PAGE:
Tuesday, April 6, 2010

Washington, D.C. - A-LOT-A History

The Smithsonian Museum of 
Natural History

Our second day touring D.C., we visited The Museum of Natural History and The Museum of American History.  The amazing architecture of the buildings was worth the trip in and of itself!

Our first stop at the Natural History museum was the infamous Hope Diamond.  The Hope Diamond is a large, 45.52 carats deep-blue diamond.  Not only is it famous for being big and beautiful, it is famous for its illustrious and sordid past. According to legends, the original form of the Hope Diamond was stolen from an eye of a sculpted statue of the goddess, Sita, the wife of Rama, the seventh avatar of Vishnu.  Because it was believed to have been stolen, it was also believed to have been cursed!  While this tale is believed to be the invention of the Victorian era to add mystique to the stone and increase its sales appeal, I could imagine it would make a pretty good statue eye.  The stone actually glows in the dark! After exposure to short-wave ultraviolet light, the diamond produces a brilliant red phospherescence "glow in the dark" effect that persists for some time after the light source has been switched off.  I think it would make a great Indiana Jones movie! 

Here's the diamond's sultry history in a nutshell.  The Hope Diamond is believed to have been cut from the Tavernier Blue diamond which was brought to Europe from India in the mid-1600's.  In 1678, Louis XIV commission the court jeweler to recut the diamond and it was thereafter known as the Blue Diamond of the Crown.  Later historians simply called it the French Blue.

In 1749, King Louis XV had the French Blue set into a more elaborate pendant.  Marie Antoinette is often cited as a victim of the diamond's "curse", but she never wore the pendant, which was reserved for the use of the king.  In 1792, during the reign of Louis XVI, a group of thieves broke into the Royal Storehouse and stole most of the Crown Jewels.  The French Blue was among the missing.  The Hope Diamond was believed to have been cut from the French Blue as  means to disguise it.  A similar diamond was recorded in the possession of the London diamond merchant Daniel Eliason in September 1812, the earliest point in which the history of the Hope Diamond can be definitively fixed.

At some pointe, the Hope Diamond is believed to have been possessed by King George IV of the United Kingdom.  After his death in 1830, it was allegedly stolen by his mistress, Lady Conyngham, and the diamond was no longer retained by the British Royal family.  Serves him right.   In 1839, the Hope Diamond appeared in a published catalog of the gem collection of Henry Philip Hope, a prominent Anglo-Dutch banking family.  After his death, his nephews fought over his inheritance.  Ultimately, the oldest nephew, Henry Thomas Hope won the jackpot.  When Henry Thomas Hope died, it went to his wife, Anne Adele.  When she died, the entire estate went to her grandson who had to change his name to Lord Francis Hope.  He was not allowed to sell the diamond, except by permission of the court.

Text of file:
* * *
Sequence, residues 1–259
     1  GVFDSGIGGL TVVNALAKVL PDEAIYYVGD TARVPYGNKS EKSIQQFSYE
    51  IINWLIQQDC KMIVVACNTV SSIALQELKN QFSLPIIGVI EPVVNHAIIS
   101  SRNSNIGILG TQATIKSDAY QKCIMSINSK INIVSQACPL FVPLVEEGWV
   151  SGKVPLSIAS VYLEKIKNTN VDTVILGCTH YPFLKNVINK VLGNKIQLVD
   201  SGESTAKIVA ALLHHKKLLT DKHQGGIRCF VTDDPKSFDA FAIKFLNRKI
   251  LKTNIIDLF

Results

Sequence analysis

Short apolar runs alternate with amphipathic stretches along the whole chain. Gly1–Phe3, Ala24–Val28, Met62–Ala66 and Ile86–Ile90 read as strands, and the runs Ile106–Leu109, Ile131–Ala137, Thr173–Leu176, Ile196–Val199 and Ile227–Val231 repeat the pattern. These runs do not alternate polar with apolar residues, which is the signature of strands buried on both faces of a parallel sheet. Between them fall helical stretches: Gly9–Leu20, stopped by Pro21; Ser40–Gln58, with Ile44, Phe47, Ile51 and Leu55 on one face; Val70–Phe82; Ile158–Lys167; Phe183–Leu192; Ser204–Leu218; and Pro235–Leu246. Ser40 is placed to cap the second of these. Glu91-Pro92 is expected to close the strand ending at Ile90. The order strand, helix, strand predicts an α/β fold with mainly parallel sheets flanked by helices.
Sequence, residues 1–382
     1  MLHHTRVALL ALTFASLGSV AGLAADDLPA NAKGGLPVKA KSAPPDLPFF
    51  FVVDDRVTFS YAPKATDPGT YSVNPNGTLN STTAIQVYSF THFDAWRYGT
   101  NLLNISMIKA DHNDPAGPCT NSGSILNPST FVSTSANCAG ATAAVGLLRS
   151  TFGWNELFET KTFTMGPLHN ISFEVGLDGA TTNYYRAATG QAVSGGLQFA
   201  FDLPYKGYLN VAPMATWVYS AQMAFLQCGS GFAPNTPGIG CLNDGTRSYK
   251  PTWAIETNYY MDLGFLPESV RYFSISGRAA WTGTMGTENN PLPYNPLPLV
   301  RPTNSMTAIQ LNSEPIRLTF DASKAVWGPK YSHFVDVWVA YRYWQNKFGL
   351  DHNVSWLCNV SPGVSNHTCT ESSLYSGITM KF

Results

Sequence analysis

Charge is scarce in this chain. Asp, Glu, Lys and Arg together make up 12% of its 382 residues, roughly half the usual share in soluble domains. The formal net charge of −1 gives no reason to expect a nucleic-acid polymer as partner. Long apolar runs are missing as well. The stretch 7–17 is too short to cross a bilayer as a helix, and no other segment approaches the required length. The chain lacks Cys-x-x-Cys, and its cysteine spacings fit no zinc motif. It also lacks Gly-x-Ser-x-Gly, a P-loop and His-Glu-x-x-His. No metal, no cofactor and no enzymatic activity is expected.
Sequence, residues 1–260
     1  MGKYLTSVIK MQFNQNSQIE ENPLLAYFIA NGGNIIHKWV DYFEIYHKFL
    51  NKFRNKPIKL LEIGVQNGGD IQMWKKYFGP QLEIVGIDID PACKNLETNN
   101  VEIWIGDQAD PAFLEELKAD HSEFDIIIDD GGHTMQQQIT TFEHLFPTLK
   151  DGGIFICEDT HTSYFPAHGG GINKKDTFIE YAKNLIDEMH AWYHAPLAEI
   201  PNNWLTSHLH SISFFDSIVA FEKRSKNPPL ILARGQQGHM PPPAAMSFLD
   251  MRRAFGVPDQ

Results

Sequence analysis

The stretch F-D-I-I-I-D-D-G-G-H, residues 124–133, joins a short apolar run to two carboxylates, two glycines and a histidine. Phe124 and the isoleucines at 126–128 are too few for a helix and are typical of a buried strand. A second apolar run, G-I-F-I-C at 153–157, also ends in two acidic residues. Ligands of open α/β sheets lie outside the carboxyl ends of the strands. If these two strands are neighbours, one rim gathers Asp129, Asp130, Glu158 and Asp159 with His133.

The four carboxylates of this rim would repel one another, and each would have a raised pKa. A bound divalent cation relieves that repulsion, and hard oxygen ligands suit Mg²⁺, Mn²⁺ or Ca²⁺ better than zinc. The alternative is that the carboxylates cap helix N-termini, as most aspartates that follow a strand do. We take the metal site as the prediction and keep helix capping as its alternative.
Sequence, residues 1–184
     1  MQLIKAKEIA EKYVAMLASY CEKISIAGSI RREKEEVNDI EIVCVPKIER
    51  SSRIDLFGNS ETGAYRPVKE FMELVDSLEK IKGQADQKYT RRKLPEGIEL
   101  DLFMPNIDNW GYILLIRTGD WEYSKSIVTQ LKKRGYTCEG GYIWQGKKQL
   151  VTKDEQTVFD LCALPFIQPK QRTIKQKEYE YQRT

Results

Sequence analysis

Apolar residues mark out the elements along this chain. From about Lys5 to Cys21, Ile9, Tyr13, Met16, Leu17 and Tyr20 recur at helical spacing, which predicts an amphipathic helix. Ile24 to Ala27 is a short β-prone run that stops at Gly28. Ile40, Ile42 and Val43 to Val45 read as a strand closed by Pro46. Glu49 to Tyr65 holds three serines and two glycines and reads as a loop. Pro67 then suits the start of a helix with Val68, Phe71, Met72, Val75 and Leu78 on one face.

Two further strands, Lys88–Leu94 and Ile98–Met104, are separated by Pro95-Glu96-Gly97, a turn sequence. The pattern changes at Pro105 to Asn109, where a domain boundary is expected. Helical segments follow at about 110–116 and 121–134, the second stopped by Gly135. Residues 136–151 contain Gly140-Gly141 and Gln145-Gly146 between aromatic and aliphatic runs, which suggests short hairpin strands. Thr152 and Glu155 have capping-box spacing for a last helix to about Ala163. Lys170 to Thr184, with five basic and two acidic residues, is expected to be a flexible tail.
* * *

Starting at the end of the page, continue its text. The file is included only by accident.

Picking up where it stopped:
Lord Francis married his mistress (I'm seeing a trend here), American actress, May Yohe.  She may have been more in love with the diamond that with Lord Francis, because May ran off with Putnam Strong, son of former New York City Mayor, William L. Strong.  Francis dumped her.  Lord Francis finally sold the diamond.  It went to a London Jewel Merchant,  a U.S. diamond dealer, a Sultan from Turkey, to a Parisian jewel merchant and was finally bought, in 1920 by famed jeweler, Peirre Cartier.  He reset the diamond and sold it to socialite, Evalyn McLean.  When she died, the trustees used the diamond to settle her debt.  (Another theme - it's owners living the high life beyond their means!)  In 1949 it was sold to another famous diamond merchant, Harry Winston.  Harry Winston donated it to the Smithsonian Institution in 1958 where it can still be viewed today.

As for the diamond curse?  The only curse at the Smithsonian was having a man design only two teeny tiny remote bathrooms for this entire enormous museum!

Some other interesting finds included the "Jamestown Boy" which the kids remembered from our visit to Jamestown.

A gray whale skeleton,



I'm sorry, but I live a little too far south to get excited about this one.  I have seen a "friendly" cockroach as big as this climbing up my wall!

We found a "fish" mouth skeleton big enough to hold Jonah and his entire family

And, of course, dinosaur bones.  Ella wanted to know why they were not walking around like in the movie, "Night at the Museum!'

The Smithsonian National Museum of American History

We spent most of the day at the Museum of Natural History, but I vowed I would not leave until we had gone to the Museum of American History. 

The girls had to see the First Ladies' Inaugural Gowns!

At this point, my husband feigned exhaustion and he and my son took shelter in a cool movie room with benches.  After the girls and I admired the gowns, we all stood in a 30 minute line to see the famous Ruby Slippers!   

The Ruby Slippers were the shoes worn by Dorothy in the 1939 MGM movie, The Wizard of Oz.  Because of their iconic stature, they are now considered to be among the most valuable items of film memorabilia.

Next to the Ruby Slippers I found Apollo Ohno's speedskates.  (My only reason for watching the Olympics this year!)

We saw Lincoln's silk Top Hat which he wore to Ford's Theatre the night he was assassinated.

At last, in the basement of the Museum of American History, we came every Food Bloggers Mecca:  Julia Child's Kitchen!

Loaded with every conceivable pot, pan and gadget, this kitchen changed America.

Au Revoir and Bon Appetit!


  1. I totally forgot about Julia's kitchen! I'll have to visit MAH next time we're there (which is in July).

  2. Don't forget to watch "Julie and Julia" first (or again!)